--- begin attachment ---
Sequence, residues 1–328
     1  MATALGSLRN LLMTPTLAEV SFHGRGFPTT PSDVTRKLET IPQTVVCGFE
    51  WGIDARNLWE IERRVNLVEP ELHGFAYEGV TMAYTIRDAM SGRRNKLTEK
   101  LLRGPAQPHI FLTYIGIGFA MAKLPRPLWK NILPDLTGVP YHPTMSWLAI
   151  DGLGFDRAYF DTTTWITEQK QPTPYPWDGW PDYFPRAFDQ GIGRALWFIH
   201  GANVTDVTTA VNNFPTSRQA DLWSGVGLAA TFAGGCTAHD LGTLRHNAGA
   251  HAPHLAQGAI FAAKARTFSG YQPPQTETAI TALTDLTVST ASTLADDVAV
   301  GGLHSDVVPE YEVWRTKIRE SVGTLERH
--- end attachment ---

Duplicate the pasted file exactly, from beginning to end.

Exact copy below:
Sequence, residues 1–328
     1  MATALGSLRN LLMTPTLAEV SFHGRGFPTT PSDVTRKLET IPQTVVCGFE
    51  WGIDARNLWE IERRVNLVEP ELHGFAYEGV TMAYTIRDAM SGRRNKLTEK
   101  LLRGPAQPHI FLTYIGIGFA MAKLPRPLWK NILPDLTGVP YHPTMSWLAI
   151  DGLGFDRAYF DTTTWITEQK QPTPYPWDGW PDYFPRAFDQ GIGRALWFIH
   201  GANVTDVTTA VNNFPTSRQA DLWSGVGLAA TFAGGCTAHD LGTLRHNAGA
   251  HAPHLAQGAI FAAKARTFSG YQPPQTETAI TALTDLTVST ASTLADDVAV
   301  GGLHSDVVPE YEVWRTKIRE SVGTLERH